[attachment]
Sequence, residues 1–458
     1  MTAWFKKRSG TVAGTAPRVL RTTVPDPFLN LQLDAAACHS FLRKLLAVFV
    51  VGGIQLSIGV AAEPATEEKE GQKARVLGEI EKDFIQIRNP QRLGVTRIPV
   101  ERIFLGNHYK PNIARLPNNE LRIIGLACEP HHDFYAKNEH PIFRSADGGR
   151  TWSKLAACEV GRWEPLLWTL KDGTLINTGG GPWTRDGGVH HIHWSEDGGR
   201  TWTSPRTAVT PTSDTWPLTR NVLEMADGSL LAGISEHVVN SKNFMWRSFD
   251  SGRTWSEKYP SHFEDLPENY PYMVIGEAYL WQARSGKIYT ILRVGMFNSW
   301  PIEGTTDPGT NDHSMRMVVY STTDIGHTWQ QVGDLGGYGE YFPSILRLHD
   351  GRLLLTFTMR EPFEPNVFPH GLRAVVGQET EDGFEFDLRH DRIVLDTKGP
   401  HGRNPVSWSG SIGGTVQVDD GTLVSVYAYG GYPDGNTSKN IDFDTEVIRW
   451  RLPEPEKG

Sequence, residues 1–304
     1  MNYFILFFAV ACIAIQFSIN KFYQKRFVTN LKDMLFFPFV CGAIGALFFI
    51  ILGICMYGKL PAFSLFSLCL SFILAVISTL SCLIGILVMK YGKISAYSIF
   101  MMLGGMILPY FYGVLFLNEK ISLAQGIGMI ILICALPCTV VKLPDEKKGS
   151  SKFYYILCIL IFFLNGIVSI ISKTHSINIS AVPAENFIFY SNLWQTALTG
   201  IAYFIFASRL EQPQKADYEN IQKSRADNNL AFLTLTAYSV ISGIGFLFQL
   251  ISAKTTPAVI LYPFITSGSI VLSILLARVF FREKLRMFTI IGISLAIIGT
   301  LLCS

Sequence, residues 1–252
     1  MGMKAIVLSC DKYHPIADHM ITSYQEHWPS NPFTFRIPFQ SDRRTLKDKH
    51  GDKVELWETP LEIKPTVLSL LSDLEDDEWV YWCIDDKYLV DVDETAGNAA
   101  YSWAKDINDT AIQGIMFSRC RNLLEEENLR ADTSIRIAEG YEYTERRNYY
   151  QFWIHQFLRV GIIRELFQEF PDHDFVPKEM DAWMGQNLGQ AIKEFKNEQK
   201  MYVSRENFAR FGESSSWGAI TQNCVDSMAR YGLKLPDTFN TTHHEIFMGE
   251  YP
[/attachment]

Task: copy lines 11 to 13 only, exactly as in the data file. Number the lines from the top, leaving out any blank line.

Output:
   451  RLPEPEKG

Sequence, residues 1–304
     1  MNYFILFFAV ACIAIQFSIN KFYQKRFVTN LKDMLFFPFV CGAIGALFFI